GWEN IFILL: Yet we heard that student, Allen Bova, just tell Tom Bearden in his tape report that she doesn’t want a real lockdown on campus, that she doesn’t want to be afraid on campus. How do you deal with that attitude?
ALLEN BOVA: I would support that student and their comment. I don’t think that college campuses need to be fortresses or need to have airport security, because I think it would really harm the educational process. Also, I think it would harm us as a society to have such restrictive security.
Security on Campus
GWEN IFILL: President Trachtenberg, your campus is an urban campus, far different from Virginia Tech in that respect, but is this something which is high-profile? Are you having monthly meetings like they are at Arizona State about security? Is this something that you all have to talk about a lot?
STEPHEN JOEL TRACHTENBERG, George Washington University: Yes, I think it's a blend of professionalism and technology, also participation. We are a consensual community, and so you want transparency. You want to use technology. You want to use training, but you also want the students and the faculty and the staff to have ownership of the issue.
It's not something that can be done top-down. This is something that has to come out of the community of the campus. We need everybody on campus to be concerned for each other and to look after each other.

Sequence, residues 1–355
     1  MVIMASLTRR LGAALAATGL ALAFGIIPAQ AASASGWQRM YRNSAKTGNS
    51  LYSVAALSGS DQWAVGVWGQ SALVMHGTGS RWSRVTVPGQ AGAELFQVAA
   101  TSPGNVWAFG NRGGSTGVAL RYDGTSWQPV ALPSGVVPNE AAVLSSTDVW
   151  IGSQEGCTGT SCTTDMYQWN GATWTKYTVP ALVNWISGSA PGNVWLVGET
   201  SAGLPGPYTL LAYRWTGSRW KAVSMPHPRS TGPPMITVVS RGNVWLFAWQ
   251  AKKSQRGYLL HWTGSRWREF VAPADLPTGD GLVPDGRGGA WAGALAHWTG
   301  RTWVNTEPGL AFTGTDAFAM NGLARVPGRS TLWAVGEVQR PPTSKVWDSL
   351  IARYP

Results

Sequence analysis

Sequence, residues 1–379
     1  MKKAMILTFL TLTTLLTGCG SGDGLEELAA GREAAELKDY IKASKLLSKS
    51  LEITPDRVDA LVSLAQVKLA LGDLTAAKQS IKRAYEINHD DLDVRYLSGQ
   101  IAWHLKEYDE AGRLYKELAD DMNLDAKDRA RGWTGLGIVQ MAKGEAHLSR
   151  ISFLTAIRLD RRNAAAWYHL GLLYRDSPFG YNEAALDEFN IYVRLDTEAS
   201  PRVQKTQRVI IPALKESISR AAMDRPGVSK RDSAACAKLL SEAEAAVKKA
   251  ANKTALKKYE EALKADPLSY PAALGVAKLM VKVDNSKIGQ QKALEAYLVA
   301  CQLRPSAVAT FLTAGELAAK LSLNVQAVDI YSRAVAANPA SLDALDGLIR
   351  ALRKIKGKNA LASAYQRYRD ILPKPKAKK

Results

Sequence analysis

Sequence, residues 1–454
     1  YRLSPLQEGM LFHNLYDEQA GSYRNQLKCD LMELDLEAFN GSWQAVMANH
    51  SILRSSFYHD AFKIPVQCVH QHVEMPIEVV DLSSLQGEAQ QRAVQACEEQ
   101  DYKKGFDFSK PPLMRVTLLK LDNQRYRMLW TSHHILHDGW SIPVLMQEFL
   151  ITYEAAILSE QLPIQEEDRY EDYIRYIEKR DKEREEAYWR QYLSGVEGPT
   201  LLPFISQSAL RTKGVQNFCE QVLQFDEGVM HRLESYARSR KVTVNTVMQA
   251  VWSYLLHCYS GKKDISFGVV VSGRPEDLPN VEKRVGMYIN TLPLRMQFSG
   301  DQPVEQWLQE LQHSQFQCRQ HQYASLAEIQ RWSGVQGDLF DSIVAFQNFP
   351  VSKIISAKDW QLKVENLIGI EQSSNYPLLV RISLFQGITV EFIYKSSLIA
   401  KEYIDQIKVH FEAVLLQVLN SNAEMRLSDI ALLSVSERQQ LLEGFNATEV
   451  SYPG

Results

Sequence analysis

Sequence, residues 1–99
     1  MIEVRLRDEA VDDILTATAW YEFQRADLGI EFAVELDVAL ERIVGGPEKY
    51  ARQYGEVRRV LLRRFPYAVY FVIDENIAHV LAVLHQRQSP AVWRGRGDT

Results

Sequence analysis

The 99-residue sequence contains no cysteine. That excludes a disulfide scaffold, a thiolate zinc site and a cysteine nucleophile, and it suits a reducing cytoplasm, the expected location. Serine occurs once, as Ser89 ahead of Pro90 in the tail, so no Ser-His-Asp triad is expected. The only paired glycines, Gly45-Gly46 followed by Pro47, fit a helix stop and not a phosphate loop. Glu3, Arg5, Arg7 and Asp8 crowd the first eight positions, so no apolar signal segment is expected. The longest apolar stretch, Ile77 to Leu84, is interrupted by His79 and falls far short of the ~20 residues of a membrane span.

And I urge the students in this direction each year when the freshmen arrive. I say, "Protect each other." And it's not just when they're on campus. It's when they go off campus, as well, into the city. Sometimes they go off, they have a drink or two at a bar, and they're walking back to the university campus. And I want them looking after each other.
GWEN IFILL: President Trachtenberg, your campus is also located not far from the White House. Did that change the kinds of security precautions that you took to secure your campus after 9/11, or do events like this change what you do?
STEPHEN JOEL TRACHTENBERG: Yes, well, we have considerably professionalized our security precautions since 9/11, but they were very good before. And now we've taken them to the point where we have an accredited department of security.